Oculus, Spheres et al

Lux Nova (2010)

In my ongoing exploration of the dome as a medium for digital art, I have become interested in the history of domes as architectural and religious spaces.

Lux Nova is an attempt to place the viewer in a succession of domes (or dome-like environments) that move through this history, and also reflects on the importance of light in these environments. The title is a reference to the theological concept of the “New Light” (lux nova) developed in the Middle Ages and used by the pioneering Abbot Suger in his rebuilding of St-Denis abbey. His use of large stained-glass windows enabled the church to be pervaded by coloured light, as he said in his own poem: “For bright is that which is brightly coupled with the bright / And which the new light pervades” Suger is often acknowledged as the first to build in a truly Gothic style.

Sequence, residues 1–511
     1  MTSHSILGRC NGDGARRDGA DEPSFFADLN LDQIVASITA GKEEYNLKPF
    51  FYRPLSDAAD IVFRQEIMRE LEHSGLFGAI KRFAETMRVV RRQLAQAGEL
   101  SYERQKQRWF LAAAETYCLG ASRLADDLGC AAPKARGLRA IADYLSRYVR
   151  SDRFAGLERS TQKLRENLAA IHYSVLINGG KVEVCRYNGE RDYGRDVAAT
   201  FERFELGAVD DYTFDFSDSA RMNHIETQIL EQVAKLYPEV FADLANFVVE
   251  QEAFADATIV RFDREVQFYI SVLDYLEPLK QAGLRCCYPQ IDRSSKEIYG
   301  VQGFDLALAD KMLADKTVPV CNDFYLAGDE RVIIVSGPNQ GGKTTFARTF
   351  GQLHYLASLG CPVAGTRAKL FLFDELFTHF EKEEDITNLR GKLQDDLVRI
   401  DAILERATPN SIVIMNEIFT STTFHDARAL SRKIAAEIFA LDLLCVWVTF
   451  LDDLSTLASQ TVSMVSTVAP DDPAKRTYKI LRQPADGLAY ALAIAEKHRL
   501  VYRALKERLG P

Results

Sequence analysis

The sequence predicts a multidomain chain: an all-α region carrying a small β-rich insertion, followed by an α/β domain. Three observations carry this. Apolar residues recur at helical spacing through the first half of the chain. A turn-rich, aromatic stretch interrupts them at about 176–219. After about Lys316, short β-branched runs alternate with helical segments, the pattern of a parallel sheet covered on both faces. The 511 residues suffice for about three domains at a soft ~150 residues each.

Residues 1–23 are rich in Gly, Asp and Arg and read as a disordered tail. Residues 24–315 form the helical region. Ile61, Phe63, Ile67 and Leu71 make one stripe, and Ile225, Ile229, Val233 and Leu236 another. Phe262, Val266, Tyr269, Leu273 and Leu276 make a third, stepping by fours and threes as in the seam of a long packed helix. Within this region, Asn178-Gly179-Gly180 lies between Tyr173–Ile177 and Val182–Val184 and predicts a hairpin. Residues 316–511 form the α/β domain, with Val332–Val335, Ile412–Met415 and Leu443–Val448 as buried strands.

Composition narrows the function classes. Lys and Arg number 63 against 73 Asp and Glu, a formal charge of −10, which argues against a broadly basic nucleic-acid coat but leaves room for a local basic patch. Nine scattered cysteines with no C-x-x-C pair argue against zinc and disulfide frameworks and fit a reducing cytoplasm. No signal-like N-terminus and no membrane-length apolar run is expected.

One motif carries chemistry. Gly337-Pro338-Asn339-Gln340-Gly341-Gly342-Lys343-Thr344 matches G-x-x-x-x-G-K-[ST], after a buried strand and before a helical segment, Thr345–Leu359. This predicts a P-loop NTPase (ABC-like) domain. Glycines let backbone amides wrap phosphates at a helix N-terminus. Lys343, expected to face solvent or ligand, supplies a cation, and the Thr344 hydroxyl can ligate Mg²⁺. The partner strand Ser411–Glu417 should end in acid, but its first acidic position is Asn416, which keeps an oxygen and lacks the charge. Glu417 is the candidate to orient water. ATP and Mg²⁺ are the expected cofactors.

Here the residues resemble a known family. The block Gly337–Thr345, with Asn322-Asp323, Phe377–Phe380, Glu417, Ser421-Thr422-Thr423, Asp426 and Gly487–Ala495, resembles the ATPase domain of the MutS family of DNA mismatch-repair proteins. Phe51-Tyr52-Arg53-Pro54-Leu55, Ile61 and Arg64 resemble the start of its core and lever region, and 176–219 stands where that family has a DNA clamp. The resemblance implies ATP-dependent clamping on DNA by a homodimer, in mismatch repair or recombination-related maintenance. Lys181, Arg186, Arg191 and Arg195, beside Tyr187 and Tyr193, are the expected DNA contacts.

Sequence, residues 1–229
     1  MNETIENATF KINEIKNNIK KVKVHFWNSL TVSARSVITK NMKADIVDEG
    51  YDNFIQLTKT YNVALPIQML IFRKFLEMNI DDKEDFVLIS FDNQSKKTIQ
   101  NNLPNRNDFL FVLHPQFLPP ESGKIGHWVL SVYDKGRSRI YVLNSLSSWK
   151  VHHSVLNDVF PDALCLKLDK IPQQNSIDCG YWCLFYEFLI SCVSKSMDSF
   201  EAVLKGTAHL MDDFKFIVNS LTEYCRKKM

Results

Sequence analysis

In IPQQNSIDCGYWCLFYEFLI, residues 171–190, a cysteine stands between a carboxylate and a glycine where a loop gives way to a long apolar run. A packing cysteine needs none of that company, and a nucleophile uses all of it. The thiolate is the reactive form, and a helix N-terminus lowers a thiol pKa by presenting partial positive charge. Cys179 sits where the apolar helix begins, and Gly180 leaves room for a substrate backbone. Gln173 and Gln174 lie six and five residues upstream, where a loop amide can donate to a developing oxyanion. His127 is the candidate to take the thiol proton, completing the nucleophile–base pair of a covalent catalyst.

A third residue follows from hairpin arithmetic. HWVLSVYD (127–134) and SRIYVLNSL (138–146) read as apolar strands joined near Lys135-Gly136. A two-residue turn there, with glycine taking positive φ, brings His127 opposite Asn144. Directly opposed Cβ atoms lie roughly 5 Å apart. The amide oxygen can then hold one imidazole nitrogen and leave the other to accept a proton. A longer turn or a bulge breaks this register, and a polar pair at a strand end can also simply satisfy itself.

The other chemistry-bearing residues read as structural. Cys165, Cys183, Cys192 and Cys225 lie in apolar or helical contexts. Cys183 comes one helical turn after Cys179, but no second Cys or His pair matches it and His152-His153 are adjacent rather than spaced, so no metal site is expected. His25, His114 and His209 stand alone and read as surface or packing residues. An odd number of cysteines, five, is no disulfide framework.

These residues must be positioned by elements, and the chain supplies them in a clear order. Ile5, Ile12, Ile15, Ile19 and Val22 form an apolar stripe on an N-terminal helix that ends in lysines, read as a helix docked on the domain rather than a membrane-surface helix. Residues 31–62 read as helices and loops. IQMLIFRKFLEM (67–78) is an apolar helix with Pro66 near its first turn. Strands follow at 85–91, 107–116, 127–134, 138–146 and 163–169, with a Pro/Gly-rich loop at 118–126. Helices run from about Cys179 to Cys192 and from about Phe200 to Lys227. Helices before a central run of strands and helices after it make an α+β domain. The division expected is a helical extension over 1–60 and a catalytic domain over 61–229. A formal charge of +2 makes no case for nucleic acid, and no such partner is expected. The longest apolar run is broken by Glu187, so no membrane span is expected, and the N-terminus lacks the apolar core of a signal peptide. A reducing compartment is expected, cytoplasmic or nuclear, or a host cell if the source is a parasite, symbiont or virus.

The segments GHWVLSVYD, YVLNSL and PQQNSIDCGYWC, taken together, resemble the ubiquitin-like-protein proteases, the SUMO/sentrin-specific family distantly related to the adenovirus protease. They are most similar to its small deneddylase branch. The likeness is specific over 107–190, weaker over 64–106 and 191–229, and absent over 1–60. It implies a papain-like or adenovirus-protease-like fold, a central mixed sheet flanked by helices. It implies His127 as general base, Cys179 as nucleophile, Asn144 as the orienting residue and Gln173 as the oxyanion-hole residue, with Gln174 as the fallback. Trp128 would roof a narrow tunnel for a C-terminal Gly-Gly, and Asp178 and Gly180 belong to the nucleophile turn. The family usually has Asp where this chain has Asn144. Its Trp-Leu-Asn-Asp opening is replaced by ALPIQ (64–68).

The scenes represented in Lux Nova are as follows:

  1. Maes Howe in Orkney, a neolithic burial chamber where light enters the interior at the winter solstice
  2. The Dendera Zodiac from southern Egypt
  3. The interior of the Pantheon in Rome with an image of Helios set in the central opening.
  4. The rose window at Notre-Dame Cathedral, Paris, with an alchemical figure in the roundel
  5. The Opus Medico-Chymicum, a 17th century alchemical diagram by J Daniel Mylius
  6. Brunelleschi’s dome of the Pazzi Chapel, with an armillary sphere inserted
  7. Finally, a view of Earth from the Cupola of the International Space Station, the largest window in space.